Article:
Subnet an IPv4 Network
This topic calculate IPv4 subnets for a /24 prefix. Start learning CCNA 200-301 for free right now!!
Subnet on an Octet Boundary
In the previous topic you learned several good reasons for segmenting a network. You also learned that segmenting a network is called subnetting. Subnetting is a critical skill to have when administering an IPv4 network. It is a bit daunting at first, but it gets much easier with practice.
IPv4 subnets are created by using one or more of the host bits as network bits. This is done by extending the subnet mask to borrow some of the bits from the host portion of the address to create additional network bits. The more host bits that are borrowed, the more subnets that can be defined. The more bits that are borrowed to increase the number of subnets reduces the number of hosts per subnet.
Networks are most easily subnetted at the octet boundary of /8, /16, and /24. The table identifies these prefix lengths. Notice that using longer prefix lengths decreases the number of hosts per subnet.
Subnet Masks on Octet Boundaries
|Prefix Length||Subnet Mask||Subnet Mask in Binary (n = network, h = host)||# of hosts|
To understand how subnetting on the octet boundary can be useful, consider the following example. Assume an enterprise has chosen the private address 10.0.0.0/8 as its internal network address. That network address can connect 16,777,214 hosts in one broadcast domain. Obviously, having more than 16 million hosts on a single subnet is not ideal.
The enterprise could further subnet the 10.0.0.0/8 address at the octet boundary of /16 as shown in the table. This would provide the enterprise the ability to define up to 256 subnets (i.e., 10.0.0.0/16 – 10.255.0.0/16) with each subnet capable of connecting 65,534 hosts. Notice how the first two octets identify the network portion of the address whereas the last two octets are for host IP addresses.
Subnetting Network 10.0.0.0/8 using a /16
(256 Possible Subnets)
(65,534 possible hosts per subnet)
|10.0.0.0/16||10.0.0.1 – 10.0.255.254||10.0.255.255|
|10.1.0.0/16||10.1.0.1 – 10.1.255.254||10.1.255.255|
|10.2.0.0/16||10.2.0.1 – 10.2.255.254||10.2.255.255|
|10.3.0.0/16||10.3.0.1 – 10.3.255.254||10.3.255.255|
|10.4.0.0/16||10.4.0.1 – 10.4.255.254||10.4.255.255|
|10.5.0.0/16||10.5.0.1 – 10.5.255.254||10.5.255.255|
|10.6.0.0/16||10.6.0.1 – 10.6.255.254||10.6.255.255|
|10.7.0.0/16||10.7.0.1 – 10.7.255.254||10.7.255.255|
|10.255.0.0/16||10.255.0.1 – 10.255.255.254||10.255.255.255|
Alternatively, the enterprise could choose to subnet the 10.0.0.0/8 network at the /24 octet boundary, as shown in the table. This would enable the enterprise to define 65,536 subnets each capable of connecting 254 hosts. The /24 boundary is very popular in subnetting because it accommodates a reasonable number of hosts and conveniently subnets at the octet boundary.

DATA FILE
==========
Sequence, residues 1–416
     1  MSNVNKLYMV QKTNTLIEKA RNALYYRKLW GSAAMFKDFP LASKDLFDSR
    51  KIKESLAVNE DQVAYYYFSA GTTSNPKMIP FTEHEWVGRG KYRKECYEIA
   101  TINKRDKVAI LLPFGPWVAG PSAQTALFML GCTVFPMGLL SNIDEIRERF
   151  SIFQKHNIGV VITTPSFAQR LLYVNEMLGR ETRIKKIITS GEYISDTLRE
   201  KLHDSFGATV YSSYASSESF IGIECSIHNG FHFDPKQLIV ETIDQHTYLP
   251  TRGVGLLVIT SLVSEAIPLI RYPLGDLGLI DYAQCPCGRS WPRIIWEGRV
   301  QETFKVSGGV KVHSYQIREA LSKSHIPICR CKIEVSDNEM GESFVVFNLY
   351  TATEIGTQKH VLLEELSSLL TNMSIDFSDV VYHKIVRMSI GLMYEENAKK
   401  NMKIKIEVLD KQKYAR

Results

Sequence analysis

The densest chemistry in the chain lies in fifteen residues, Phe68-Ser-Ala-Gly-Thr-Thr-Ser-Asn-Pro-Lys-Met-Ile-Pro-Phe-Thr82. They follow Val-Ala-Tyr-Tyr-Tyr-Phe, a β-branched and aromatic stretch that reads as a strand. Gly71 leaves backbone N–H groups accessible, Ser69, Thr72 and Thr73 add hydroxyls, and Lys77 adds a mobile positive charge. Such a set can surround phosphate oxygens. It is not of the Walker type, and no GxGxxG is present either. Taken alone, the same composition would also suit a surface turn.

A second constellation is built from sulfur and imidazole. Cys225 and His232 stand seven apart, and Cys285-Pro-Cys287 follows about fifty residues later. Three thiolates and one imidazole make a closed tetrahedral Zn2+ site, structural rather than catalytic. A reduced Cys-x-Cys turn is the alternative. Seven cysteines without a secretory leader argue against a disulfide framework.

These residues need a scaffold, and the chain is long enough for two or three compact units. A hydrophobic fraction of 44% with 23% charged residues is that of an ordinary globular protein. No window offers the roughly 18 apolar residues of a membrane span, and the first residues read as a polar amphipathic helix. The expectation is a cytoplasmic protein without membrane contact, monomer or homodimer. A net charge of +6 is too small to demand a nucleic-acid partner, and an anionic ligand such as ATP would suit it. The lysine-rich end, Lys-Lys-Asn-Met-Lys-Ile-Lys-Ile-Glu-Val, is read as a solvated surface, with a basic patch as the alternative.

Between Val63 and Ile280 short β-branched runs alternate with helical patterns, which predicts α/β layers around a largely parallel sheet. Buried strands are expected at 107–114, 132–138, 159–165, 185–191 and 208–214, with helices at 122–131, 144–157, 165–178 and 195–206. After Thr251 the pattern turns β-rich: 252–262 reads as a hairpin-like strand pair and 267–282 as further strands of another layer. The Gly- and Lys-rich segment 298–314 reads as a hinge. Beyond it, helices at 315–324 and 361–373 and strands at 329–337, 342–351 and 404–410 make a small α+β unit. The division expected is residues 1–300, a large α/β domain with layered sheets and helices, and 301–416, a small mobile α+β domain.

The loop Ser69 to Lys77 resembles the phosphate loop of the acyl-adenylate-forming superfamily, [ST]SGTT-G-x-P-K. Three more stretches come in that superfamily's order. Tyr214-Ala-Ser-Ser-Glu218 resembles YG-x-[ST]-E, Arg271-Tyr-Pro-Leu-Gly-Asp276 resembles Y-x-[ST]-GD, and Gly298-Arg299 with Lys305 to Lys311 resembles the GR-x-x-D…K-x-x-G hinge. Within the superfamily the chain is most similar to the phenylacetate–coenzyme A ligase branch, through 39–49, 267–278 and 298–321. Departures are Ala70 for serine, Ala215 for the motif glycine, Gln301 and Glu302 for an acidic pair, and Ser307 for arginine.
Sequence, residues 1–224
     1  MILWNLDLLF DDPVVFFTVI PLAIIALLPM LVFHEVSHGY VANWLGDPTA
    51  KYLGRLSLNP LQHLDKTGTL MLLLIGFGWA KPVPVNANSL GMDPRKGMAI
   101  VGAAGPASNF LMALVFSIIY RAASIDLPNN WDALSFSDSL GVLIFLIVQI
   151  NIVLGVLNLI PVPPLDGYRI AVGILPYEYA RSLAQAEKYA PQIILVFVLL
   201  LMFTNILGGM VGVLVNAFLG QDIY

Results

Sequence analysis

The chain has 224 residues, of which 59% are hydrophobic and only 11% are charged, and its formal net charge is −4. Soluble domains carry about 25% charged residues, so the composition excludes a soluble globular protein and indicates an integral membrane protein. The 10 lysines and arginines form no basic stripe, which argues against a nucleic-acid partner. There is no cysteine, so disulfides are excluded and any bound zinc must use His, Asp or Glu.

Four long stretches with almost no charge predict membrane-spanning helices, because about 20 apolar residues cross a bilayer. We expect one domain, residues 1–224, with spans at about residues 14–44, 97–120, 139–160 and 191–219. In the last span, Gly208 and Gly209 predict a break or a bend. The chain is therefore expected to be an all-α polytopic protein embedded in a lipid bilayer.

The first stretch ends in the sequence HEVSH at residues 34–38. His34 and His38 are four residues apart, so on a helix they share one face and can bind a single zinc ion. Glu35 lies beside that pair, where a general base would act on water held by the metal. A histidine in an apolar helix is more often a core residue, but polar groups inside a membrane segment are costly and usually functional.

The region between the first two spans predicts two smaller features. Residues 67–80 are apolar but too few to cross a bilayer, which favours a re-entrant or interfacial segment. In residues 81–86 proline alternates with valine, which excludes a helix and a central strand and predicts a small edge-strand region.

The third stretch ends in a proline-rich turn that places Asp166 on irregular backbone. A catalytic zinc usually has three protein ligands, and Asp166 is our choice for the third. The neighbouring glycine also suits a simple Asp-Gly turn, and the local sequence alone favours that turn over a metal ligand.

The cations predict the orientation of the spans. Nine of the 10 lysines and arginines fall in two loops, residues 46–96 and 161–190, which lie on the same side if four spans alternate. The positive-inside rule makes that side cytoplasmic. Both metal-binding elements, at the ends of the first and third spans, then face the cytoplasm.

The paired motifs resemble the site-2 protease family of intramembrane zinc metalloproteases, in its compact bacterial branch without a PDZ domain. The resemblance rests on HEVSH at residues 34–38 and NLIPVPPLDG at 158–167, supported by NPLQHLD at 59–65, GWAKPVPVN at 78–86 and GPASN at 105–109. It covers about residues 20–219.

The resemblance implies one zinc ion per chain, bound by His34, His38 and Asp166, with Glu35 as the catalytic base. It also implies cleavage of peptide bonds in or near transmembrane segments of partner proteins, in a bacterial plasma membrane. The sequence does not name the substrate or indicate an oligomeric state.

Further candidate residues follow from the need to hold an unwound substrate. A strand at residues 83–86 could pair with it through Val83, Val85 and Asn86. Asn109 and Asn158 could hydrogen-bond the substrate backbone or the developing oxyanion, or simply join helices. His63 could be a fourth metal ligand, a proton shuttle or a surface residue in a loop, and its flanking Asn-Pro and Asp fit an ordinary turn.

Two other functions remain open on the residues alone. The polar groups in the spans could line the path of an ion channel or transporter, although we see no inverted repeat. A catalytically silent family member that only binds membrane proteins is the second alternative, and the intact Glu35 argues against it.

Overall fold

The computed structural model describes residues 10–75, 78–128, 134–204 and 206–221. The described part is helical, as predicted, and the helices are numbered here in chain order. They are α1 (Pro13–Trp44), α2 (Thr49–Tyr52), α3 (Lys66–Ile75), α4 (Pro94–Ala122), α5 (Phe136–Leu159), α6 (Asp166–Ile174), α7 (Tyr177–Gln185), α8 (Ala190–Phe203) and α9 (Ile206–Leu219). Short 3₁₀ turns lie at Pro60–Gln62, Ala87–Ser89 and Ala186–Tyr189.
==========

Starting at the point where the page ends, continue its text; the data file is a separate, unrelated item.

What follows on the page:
Subnetting Network 10.0.0.0/8 using a /24 Prefix
(65,536 Possible Subnets)
(254 possible hosts per subnet)
|10.0.0.0/24||10.0.0.1 – 10.0.0.254||10.0.0.255|
|10.0.1.0/24||10.0.1.1 – 10.0.1.254||10.0.1.255|
|10.0.2.0/24||10.0.2.1 – 10.0.2.254||10.0.2.255|
|10.0.255.0/24||10.0.255.1 – 10.0.255.254||10.0.255.255|
|10.1.0.0/24||10.1.0.1 – 10.1.0.254||10.1.0.255|
|10.1.1.0/24||10.1.1.1 – 10.1.1.254||10.1.1.255|
|10.1.2.0/24||10.1.2.1 – 10.1.2.254||10.1.2.255|
|10.100.0.0/24||10.100.0.1 – 10.100.0.254||10.100.0.255|
|10.255.255.0/24||10.255.255.1 – 10.2255.255.254||10.255.255.255|
Subnet within an Octet Boundary
The examples shown thus far borrowed host bits from the common /8, /16, and /24 network prefixes. However, subnets can borrow bits from any host bit position to create other masks.
For instance, a /24 network address is commonly subnetted using longer prefix lengths by borrowing bits from the fourth octet. This provides the administrator with additional flexibility when assigning network addresses to a smaller number of end devices.
Refer to the table to see six ways to subnet a /24 network.
Subnet a /24 Network
|Prefix Length||Subnet Mask||Subnet Mask in Binary
(n = network, h = host)
|# of subnets||# of hosts|
For each bit borrowed in the fourth octet, the number of subnetworks available is doubled, while reducing the number of host addresses per subnet:
- /25 row – Borrowing 1 bit from the fourth octet creates 2 subnets supporting 126 hosts each.
- /26 row – Borrowing 2 bits creates 4 subnets supporting 62 hosts each.
- /27 row – Borrowing 3 bits creates 8 subnets supporting 30 hosts each.
- /28 row – Borrowing 4 bits creates 16 subnets supporting 14 hosts each.
- /29 row – Borrowing 5 bits creates 32 subnets supporting 6 hosts each.
- /30 row – Borrowing 6 bits creates 64 subnets supporting 2 hosts each.
Video – The Subnet Mask
Click Play to view an explanation of the subnet mask.
Video – Subnet with the Magic Number
Click Play to view an explanation of the magic number.
Packet Tracer – Subnet an IPv4 Network
In this activity, starting from a single network address and network mask, you will subnet the Customer network into multiple subnets. The subnet scheme should be based on the number of host computers required in each subnet, as well as other network considerations, like future network host expansion.
After you have created a subnetting scheme and completed the table by filling in the missing host and interface IP addresses, you will configure the host PCs, switches and router interfaces.
After the network devices and host PCs have been configured, you will use the ping command to test for network connectivity.
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